Aqueous Misdirection

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Aqueous Misdirection


Aqueous misdirection is a challenging form of secondary angle closure that presents with elevated intraocular pressure (IOP) and shallowing of the central and peripheral anterior chamber despite the presence of a peripheral iridotomy. Aqueous misdirection is a diagnosis of exclusion, and requires exclusion of other clinical entities such as choroidal hemorrhage, choroidal effusion, and pupillary block.

Disease Entity


Elevation of intraocular pressure and axial shallowing of the anterior chamber from posterior pressure characterize aqueous misdirection. Von Graefe described the condition in 1869 using the phrase “malignant glaucoma” [1] but in this article we will use the term aqueous misdirection. Other common terms that are used to describe the entity are cilary block glaucoma or lens block glaucoma. The exact mechanism resulting in aqueous misdirection is unknown but appears to be related to the relationship between the ciliary body, anterior hyaloid, and lens as well as the permeability of the vitreous.[2][3][4] The pressure is often elevated but can be normal or low[5][6][7][8]. Appropriate timely medical intervention with cycloplegics and ocular antihypertensives needs to be initiated to avoid progression to blindness. Miotics should be avoided as they can worsen the condition. If medical therapy should fail, surgical management may eventually be required.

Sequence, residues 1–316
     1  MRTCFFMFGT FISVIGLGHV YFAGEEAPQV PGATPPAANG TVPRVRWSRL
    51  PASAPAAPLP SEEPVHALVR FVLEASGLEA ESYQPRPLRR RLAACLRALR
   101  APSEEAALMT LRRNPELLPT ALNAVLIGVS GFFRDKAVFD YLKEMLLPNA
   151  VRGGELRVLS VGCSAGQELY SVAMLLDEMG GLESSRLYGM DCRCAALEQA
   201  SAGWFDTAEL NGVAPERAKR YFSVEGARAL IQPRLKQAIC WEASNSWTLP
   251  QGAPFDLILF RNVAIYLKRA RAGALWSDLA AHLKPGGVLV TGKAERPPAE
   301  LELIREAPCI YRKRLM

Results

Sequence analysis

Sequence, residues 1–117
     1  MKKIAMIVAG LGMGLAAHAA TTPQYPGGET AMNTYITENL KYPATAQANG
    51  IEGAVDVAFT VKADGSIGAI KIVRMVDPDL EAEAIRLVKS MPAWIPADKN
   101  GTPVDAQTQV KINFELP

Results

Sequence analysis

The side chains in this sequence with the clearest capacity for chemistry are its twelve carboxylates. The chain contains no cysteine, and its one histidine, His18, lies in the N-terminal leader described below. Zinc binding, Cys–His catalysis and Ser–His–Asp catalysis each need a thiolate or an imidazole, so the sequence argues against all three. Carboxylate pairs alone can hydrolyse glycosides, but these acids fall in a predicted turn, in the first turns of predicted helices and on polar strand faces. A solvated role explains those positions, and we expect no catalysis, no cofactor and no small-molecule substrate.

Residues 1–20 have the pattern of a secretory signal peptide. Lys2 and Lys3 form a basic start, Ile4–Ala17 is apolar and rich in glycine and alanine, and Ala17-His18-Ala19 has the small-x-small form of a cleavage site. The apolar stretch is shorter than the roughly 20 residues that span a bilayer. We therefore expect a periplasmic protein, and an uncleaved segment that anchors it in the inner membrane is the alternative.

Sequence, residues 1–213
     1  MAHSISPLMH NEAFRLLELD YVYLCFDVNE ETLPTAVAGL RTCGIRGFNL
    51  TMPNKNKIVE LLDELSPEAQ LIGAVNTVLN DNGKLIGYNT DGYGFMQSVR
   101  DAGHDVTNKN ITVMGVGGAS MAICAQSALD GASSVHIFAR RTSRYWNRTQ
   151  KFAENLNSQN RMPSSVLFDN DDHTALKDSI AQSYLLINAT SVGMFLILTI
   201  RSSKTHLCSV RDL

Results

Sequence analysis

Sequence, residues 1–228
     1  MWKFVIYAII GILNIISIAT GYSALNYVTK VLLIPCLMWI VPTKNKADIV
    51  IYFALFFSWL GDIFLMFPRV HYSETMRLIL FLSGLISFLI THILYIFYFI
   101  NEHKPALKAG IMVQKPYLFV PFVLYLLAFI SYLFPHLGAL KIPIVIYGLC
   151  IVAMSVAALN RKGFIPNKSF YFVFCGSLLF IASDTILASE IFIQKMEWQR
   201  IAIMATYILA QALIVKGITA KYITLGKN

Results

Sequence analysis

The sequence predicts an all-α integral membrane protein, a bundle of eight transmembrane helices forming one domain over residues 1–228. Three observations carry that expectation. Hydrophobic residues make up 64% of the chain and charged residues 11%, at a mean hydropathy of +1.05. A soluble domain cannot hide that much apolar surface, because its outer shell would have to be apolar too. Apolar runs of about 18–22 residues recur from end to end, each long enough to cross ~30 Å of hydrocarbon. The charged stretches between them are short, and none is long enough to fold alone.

Aqueous misdirection classically occurs during the early post-operative period after incisional surgery for acute angle closure with an incidence of 0.6 to 4%.[9][10][11] A recent retrospective review of 24 eyes found the incidence to be 2% after glaucoma surgery; the condition was also found to be more common in females (which may coincide with higher incidence of angle closure in women)[12]. The condition can also occur in other postoperative states, including after cataract surgery, surgical iridotomy, and after laser iridotomy. The condition typically presents unilaterally, reflecting the fact that it is usually a postoperative complication. However, occurrence of aqueous misdirection in one eye significantly raises the risk of the misdirection presenting in the contralateral eye in the context of ocular surgery. Aqueous misdirection can occur in phakic as well as pseudophakic eyes. [13][14][15] It occurs with increased frequency in hyperopic eyes, especially those with a history of primary angle closure. Aqueous misdirection can occur outside the post-operative setting as remotely as months to years upon discontinuing cycloplegics.[9][10][14] Other conditions more infrequently associated with aqueous misdirection include post pars plana vitrectomy[16], post diode laser cyclophotocoagulation [17], post trabeculectomy bleb needling[18], and post instigation of miotic therapy in non-operated [14] or operated eyes [19]. Other ocular disorders that have been more rarely associated with malignant glaucoma include trauma, inflammation, fungal keratomycosis endophthalmitis, Nocardia asteroides endophthalmitis[20], retinopathy of prematurity[21], and in corneal hydrops[22].